More About the Author
Patricia Cornwell was born on June 9, 1956, in Miami, Florida, and grew up in Montreat, North Carolina.
Following graduation from Davidson College in 1979, she began working at the Charlotte Observer, rapidly advancing from listing television programs to writing feature articles to covering the police beat. She won an investigative reporting award from the North Carolina Press Association for a series of articles on prostitution and crime in downtown Charlotte.
Her award-winning biography of Ruth Bell Graham, A Time for Remembering, was published in 1983. From 1984 to 1990, she worked as a technical writer and a computer analyst at the Office of the Chief Medical Examiner in Richmond, Virginia.
Cornwell's first crime novel, Postmortem, was published by Scribner's in 1990. Initially rejected by seven major publishing houses, it became the first novel to win the Edgar, Creasey, Anthony, and Macavity Awards as well as the French Prix du Roman d'Aventure in a single year. In Postmortem, Cornwell introduced Dr. Kay Scarpetta as the intrepid Chief Medical Examiner of the Commonwealth of Virginia. In 1999, Dr. Scarpetta herself won the Sherlock Award for best detective created by an American author.
Following the success of her first novel, Cornwell has written a series of bestsellers featuring Kay Scarpetta, her detective sidekick Pete Marino and her brilliant and unpredictable niece, Lucy Farinelli, including: Body of Evidence (1991); All That Remains (1992); Cruel and Unusual (1993), which won Britain's prestigious Gold Dagger Award for the year's best crime novel; The Body Farm (1994); From Potter's Field (1995); Cause of Death (1996); Unnatural Exposure (1997); Point of Origin (1998); Black Notice (1999); The Last Precinct (2000); Blow Fly (2003); Trace (2004); Predator (2005); Book of the Dead (2007), which won the 2008 Galaxy British Book Awards' Books Direct Crime Thriller of the Year, making Cornwell the first American ever to win this award; Scarpetta (2008); The Scarpetta Factor (2009); and Port Mortuary (2010). In 2011 Cornwell was awarded the Medal of Chevalier of the Order of Arts and Letters, one of France's most prestigious awards to honor those who have distinguished themselves in the domains of art or literature, or by their contribution to the development of culture in France and throughout the world.
In addition to the Scarpetta novels, she has written three best-selling books featuring Andy Brazil: Hornet's Nest (1996), Southern Cross (1998) and Isle of Dogs (2001); two cook books: Scarpetta's Winter Table (1998) and Food to Die For (2001); and a children's book: Life's Little Fable (1999). In 1997, Cornwell updated A Time for Remembering, which was reissued as Ruth, A Portrait: The Story of Ruth Bell Graham. Intrigued by Scotland Yard's John Grieve's observation that no one had ever tried to use modern forensic evidence to solve the murders committed by Jack the Ripper, Cornwell began her own investigation of the serial killer's crimes. In Portrait of a Killer: Jack the Ripper--Case Closed (2002), she narrates her discovery of compelling evidence to indict the famous artist Walter Sickert as the Ripper.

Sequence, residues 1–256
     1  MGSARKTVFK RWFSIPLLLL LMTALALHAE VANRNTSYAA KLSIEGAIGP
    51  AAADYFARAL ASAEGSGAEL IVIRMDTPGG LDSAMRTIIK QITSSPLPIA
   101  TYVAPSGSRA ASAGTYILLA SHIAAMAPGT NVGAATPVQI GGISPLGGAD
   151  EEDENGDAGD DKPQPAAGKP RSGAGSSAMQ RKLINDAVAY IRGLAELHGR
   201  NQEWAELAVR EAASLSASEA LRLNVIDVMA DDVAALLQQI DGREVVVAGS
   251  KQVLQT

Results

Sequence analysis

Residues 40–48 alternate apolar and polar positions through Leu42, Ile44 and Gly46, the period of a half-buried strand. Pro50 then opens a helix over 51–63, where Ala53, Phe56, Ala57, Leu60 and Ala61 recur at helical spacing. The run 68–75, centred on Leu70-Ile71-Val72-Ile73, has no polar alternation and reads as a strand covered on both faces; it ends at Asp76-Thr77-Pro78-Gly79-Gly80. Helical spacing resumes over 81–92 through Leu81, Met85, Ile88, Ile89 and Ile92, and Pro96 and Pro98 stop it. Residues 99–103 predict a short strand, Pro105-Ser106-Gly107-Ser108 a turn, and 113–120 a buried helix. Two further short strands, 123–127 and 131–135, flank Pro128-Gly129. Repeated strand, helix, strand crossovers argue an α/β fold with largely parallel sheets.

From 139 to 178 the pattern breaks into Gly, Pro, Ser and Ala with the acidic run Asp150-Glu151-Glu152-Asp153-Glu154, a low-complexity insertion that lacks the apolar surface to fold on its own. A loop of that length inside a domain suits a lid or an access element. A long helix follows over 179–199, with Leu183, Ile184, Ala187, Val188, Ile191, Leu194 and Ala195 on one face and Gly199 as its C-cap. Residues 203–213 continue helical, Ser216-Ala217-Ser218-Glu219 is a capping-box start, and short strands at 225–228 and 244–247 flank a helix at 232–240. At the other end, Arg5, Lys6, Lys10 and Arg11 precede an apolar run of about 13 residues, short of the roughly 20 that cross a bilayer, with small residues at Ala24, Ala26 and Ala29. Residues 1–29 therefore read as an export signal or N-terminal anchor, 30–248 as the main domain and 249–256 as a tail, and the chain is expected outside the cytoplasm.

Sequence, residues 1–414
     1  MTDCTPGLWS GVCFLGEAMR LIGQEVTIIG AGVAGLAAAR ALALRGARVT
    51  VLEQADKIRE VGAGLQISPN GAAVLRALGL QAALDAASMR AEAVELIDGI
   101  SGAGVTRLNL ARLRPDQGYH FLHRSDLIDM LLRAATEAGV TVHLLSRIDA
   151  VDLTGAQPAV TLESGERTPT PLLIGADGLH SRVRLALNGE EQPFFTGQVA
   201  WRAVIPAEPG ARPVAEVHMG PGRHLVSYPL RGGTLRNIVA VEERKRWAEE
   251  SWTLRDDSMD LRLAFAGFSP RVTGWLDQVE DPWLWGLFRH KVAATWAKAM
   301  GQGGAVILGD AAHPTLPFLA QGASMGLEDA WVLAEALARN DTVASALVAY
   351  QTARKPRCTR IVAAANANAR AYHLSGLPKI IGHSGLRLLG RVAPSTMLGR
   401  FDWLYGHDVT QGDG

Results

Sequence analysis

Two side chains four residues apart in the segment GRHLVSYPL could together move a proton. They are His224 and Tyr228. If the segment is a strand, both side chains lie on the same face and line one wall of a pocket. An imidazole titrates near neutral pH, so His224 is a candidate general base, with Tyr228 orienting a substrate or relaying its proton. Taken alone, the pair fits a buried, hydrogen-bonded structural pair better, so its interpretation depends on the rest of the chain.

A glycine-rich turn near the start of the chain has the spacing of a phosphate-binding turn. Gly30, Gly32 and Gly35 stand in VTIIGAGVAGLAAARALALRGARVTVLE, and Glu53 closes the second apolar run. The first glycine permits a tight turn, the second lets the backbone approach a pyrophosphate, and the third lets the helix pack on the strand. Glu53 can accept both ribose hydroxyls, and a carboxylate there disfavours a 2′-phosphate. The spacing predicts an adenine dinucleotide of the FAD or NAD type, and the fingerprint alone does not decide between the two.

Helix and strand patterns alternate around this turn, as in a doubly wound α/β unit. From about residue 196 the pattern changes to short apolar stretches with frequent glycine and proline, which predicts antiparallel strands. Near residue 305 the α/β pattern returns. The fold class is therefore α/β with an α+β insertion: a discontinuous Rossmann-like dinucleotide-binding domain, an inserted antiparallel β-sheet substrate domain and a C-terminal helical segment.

In January 2006, the New York Times Magazine began a 15-week serialization of At Risk, featuring Massachusetts State Police investigator Win Garano and his boss, district attorney Monique Lamont. Its sequel, The Front, was serialized in the London Times in the spring of 2008. Both novellas were subsequently published as books and promptly optioned for adaptation by Lifetime Television Network, starring Daniel Sunjata and Andie MacDowell. The films made their debut in April 2010.
In April 2009, Fox acquired the film rights to the Scarpetta novels, featuring Angelina Jolie as Dr. Kay Scarpetta. Cornwell herself wrote and co-produced the movie ATF for ABC.
Often interviewed on national television as a forensic consultant, Cornwell is a founder of the Virginia Institute of Forensic Science and Medicine, a founding member of the National Forensic Academy, a member of the Advisory Board for the Forensic Sciences Training Program at the Office of the Chief Medical Examiner, NYC, and a member of the Harvard-affiliated McLean Hospital's National Council, where she is an advocate for psychiatric research. She is also well known for her philanthropic contributions to animal rescue and criminal justice, as well as endowing college scholarships and promoting the cause of literacy on the national scene. Some of her projects include the establishment of an ICU at Cornell's Animal Hospital, the archaeological excavation of Jamestown and the scientific study of the Confederacy's submarine H.L. Hunley. Most recently, she donated a million dollars to Harvard's Fogg Museum to establish a chair in inorganic science.
Cornwell's books have been translated into 36 languages across more than 50 countries, and she is regarded as one of the major international best-selling authors. Her novels are praised for their meticulous research and an insistence on accuracy in every detail, especially in forensic medicine and police procedures. She is so committed to verisimilitude that, among other accomplishments, she became a helicopter pilot and a certified scuba diver, and qualified for a motorcycle license because she was writing about characters who were doing these things. "It is important to me to live in the world I write about," she often says. "If I want a character to do or know something, I want to do or know the same thing."
Visit the author's website at: www.patriciacornwell.com